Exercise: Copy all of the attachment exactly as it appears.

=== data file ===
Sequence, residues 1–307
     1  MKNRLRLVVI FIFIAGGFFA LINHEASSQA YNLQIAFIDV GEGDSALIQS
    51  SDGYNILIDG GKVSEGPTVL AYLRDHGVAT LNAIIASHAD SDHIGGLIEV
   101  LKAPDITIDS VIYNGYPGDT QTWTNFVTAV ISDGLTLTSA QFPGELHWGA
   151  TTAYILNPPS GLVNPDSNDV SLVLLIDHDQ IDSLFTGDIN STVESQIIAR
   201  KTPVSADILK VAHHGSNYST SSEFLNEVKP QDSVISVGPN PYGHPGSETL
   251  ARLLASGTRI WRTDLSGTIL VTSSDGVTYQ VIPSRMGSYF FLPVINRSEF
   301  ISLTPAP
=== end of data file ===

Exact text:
Sequence, residues 1–307
     1  MKNRLRLVVI FIFIAGGFFA LINHEASSQA YNLQIAFIDV GEGDSALIQS
    51  SDGYNILIDG GKVSEGPTVL AYLRDHGVAT LNAIIASHAD SDHIGGLIEV
   101  LKAPDITIDS VIYNGYPGDT QTWTNFVTAV ISDGLTLTSA QFPGELHWGA
   151  TTAYILNPPS GLVNPDSNDV SLVLLIDHDQ IDSLFTGDIN STVESQIIAR
   201  KTPVSADILK VAHHGSNYST SSEFLNEVKP QDSVISVGPN PYGHPGSETL
   251  ARLLASGTRI WRTDLSGTIL VTSSDGVTYQ VIPSRMGSYF FLPVINRSEF
   301  ISLTPAP